In the review of this study, we can conclude that brain US is the best initial method of investigation for preterm babies with suspected intracranial abnormalities. It is best to perform neurosonogram studies on preterm babies within the 1st week of birth. Moreover, US scanning succeeded in detecting intracranial abnormalities in infants even they were clinically silent (10% IVH and 3.3% ventricular dilatation). Mothers with prolonged labor and premature rupture of the membrane had a significant chance of having babies developing intracranial hemorrhage compared to those having pregnancies without complications.

Financial support and sponsorship

Nil.

Conflicts of interest

There are no conflicts of interest.



 
  References Top

1.
Wezel-Meijler GV. Cranial Ultrasonography: Advantages and Aims. Neonatal Cranial Ultrasonography. Part 1, 1st ed. Berlin: Springer; 2007. p. 3-4.  Back to cited text no. 1
    
2.
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3.
Cohen HL. Neurosonography of the infant: The normal examination. In: Timor-Trisch IE, Monteagudo A, Cohen HL, editors. Ultrasonography of the Prenatal and Neonatal Brain. Stamford: Appleton and Lange; 1996. p. 259-85.  Back to cited text no. 3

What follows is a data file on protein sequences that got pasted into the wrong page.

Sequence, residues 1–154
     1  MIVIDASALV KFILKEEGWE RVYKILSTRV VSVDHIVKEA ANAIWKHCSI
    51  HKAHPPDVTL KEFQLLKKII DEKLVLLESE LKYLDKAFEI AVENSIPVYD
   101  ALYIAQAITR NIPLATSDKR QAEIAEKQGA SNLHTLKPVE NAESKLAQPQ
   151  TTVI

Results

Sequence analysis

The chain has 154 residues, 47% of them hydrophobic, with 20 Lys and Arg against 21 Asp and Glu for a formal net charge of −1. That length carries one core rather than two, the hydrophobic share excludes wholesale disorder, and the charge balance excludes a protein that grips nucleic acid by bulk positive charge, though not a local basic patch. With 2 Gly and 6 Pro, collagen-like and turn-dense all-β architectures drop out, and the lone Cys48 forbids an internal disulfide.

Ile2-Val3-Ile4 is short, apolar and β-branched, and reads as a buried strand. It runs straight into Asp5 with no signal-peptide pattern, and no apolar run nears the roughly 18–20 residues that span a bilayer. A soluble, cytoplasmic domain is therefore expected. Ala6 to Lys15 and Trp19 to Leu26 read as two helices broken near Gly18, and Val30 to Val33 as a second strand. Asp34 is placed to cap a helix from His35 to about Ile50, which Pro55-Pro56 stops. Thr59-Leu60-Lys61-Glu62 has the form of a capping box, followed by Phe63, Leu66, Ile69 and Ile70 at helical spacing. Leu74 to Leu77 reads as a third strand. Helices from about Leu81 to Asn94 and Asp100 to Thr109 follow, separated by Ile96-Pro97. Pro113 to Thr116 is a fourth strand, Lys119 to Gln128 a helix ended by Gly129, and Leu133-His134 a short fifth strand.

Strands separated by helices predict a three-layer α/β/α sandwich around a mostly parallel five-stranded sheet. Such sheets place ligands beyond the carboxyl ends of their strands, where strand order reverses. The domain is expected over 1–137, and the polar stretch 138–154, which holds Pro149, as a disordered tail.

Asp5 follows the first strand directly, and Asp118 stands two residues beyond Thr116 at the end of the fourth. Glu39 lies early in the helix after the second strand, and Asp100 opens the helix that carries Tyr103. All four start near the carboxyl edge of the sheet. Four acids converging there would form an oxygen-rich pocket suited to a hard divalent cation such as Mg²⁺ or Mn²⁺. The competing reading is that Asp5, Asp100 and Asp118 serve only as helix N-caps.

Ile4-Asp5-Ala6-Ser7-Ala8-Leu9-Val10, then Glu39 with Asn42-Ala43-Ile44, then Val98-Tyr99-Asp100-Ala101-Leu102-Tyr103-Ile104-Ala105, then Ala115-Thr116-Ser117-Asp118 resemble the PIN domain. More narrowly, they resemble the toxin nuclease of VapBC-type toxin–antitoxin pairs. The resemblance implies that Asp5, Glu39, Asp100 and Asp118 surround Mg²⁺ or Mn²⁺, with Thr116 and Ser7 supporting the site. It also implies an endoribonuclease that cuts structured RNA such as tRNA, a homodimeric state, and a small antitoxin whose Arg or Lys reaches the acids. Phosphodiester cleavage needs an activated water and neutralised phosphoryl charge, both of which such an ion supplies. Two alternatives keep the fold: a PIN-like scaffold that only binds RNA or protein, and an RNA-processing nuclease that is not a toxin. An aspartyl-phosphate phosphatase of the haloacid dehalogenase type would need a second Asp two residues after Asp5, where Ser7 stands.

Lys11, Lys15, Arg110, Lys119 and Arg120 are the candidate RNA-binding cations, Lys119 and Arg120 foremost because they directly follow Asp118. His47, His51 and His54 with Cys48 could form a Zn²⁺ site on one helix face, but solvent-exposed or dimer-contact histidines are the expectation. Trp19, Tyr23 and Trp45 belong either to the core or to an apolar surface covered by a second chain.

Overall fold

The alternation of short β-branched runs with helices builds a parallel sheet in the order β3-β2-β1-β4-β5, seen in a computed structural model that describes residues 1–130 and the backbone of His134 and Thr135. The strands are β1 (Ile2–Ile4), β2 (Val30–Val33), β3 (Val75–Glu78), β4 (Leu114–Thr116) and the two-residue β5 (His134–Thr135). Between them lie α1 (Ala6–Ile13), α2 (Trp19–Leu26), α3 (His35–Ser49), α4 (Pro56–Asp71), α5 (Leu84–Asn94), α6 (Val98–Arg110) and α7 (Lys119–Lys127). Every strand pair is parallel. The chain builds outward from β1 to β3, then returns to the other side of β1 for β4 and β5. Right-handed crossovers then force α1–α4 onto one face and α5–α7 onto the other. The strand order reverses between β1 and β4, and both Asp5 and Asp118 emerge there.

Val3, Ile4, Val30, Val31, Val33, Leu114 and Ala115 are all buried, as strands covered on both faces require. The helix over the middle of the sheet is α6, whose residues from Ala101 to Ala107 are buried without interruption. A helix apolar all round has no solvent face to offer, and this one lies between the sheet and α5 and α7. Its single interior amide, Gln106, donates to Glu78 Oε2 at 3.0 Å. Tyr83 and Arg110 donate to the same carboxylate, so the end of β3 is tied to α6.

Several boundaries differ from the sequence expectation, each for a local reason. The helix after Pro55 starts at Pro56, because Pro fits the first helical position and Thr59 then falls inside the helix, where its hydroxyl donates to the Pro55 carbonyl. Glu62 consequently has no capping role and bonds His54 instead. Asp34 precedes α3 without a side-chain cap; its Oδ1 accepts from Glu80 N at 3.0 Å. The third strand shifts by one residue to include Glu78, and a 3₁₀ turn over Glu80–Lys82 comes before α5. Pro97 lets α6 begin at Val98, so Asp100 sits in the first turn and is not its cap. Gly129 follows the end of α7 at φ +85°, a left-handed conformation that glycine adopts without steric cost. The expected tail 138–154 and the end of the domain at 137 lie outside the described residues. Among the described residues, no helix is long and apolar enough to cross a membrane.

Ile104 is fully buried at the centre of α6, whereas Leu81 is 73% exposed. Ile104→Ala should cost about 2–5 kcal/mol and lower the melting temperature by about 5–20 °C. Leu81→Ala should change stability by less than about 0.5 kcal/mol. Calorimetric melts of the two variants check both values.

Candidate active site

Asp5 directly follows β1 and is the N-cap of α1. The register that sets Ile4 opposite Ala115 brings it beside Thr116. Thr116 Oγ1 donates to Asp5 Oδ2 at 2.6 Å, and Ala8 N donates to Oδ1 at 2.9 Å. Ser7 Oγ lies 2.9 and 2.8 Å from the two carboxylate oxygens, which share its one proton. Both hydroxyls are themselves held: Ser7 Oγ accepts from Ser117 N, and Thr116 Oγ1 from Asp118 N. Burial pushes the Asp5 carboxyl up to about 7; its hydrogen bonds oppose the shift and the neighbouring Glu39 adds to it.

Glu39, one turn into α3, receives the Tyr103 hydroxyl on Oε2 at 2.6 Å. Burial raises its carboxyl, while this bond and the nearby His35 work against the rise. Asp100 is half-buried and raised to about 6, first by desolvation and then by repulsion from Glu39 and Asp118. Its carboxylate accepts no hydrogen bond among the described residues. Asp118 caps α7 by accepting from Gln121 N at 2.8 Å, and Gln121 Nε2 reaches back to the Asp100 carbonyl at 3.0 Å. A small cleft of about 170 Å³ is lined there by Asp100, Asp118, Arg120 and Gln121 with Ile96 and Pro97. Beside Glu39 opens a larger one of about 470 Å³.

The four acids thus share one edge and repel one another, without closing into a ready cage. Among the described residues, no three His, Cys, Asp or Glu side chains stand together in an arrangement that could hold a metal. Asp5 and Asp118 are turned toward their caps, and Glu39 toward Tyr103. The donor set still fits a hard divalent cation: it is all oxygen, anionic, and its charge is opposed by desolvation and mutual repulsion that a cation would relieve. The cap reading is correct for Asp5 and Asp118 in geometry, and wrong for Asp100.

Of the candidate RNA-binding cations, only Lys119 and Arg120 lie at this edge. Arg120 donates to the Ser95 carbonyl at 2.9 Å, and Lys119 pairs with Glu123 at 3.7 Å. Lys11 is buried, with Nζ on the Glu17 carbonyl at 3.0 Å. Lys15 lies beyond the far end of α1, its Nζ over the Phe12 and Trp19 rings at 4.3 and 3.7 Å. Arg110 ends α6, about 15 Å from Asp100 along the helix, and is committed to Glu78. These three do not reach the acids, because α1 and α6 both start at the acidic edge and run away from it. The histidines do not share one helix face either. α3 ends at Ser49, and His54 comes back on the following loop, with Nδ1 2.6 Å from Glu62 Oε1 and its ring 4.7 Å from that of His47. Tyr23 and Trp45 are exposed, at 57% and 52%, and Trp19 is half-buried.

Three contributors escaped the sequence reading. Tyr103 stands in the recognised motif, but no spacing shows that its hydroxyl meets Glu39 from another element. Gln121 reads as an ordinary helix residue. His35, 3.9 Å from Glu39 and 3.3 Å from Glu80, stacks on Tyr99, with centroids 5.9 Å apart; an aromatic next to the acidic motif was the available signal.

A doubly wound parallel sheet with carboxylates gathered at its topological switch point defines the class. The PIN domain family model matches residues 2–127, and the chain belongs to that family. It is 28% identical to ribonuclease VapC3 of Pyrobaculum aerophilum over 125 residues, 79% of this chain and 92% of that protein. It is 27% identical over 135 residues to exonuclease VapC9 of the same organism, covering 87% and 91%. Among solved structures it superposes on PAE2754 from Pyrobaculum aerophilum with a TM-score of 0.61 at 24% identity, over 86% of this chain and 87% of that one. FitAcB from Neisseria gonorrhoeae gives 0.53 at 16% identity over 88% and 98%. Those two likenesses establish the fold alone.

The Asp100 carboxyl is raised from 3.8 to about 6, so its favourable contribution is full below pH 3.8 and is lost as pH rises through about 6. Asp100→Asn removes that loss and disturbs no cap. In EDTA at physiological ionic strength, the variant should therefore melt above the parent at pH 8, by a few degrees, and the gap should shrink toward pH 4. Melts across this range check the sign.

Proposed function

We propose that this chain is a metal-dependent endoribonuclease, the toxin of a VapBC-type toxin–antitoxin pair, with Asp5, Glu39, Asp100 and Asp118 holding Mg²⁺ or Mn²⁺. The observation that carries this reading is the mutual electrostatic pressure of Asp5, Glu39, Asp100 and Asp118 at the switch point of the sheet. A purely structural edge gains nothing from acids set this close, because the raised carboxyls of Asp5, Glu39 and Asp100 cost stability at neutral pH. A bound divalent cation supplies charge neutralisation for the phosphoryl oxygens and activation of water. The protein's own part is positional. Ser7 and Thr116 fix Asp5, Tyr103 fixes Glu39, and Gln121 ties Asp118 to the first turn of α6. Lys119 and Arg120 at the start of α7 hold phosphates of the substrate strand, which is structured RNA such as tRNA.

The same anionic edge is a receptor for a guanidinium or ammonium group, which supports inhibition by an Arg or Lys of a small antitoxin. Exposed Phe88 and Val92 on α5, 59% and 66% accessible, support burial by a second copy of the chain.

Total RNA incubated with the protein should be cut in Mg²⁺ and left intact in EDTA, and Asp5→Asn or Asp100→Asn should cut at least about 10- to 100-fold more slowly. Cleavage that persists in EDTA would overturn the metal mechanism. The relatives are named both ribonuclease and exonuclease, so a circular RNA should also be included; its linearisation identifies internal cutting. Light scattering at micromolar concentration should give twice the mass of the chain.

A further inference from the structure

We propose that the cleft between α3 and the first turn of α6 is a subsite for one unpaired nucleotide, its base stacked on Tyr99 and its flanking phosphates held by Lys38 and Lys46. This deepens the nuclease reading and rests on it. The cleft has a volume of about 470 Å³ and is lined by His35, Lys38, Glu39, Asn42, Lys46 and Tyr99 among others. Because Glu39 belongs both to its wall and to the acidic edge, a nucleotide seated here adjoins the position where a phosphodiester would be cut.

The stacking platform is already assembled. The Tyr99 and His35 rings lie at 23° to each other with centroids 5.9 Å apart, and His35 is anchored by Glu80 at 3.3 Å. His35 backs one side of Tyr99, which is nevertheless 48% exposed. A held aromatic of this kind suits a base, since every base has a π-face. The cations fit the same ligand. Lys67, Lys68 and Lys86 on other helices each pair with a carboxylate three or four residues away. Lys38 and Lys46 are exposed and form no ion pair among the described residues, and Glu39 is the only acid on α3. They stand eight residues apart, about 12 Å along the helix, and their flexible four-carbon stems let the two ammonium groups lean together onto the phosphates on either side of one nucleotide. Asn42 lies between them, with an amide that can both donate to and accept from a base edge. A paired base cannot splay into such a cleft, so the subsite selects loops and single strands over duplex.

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Aaslid R, Markwalder TM, Nornes H. Noninvasive transcranial Doppler ultrasound recording of flow velocity in basal cerebral arteries. J Neurosurg 1982;57:769-74.  Back to cited text no. 6
    
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8.
Volpe JJ, editor. Intracranial hemorrhage: Germinal matrix-intraventricular hemorrhage of the premature infant. In: Neurology of the Newborn. Philadelphia: W. B. Saunders; 2001c.  Back to cited text no. 8
    
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Rumak CM, Drose JA, Neonatal and Infant Brain Imaging in Diagnostic Ultrasound. 4th ed. Philadelphia: Elsevier, Mosby; 2011. p. 1558-63.  Back to cited text no. 9
    
10.
American Institute of Ultrasound in Medicine. Standards for the Performance of the Ultrasound Examination of the Infant's Brain. American Institute of Ultrasound in Medicine; 2006. Available from: http://www. aium.com. [Last accesed on 2019 Apr].  Back to cited text no. 10
    
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British Medical Ultrasound Society Ultrasound in Medicine; 2006. Available from: http://www. bmus. org. [Last accesed on 2019 Apr].  Back to cited text no. 11
    
12.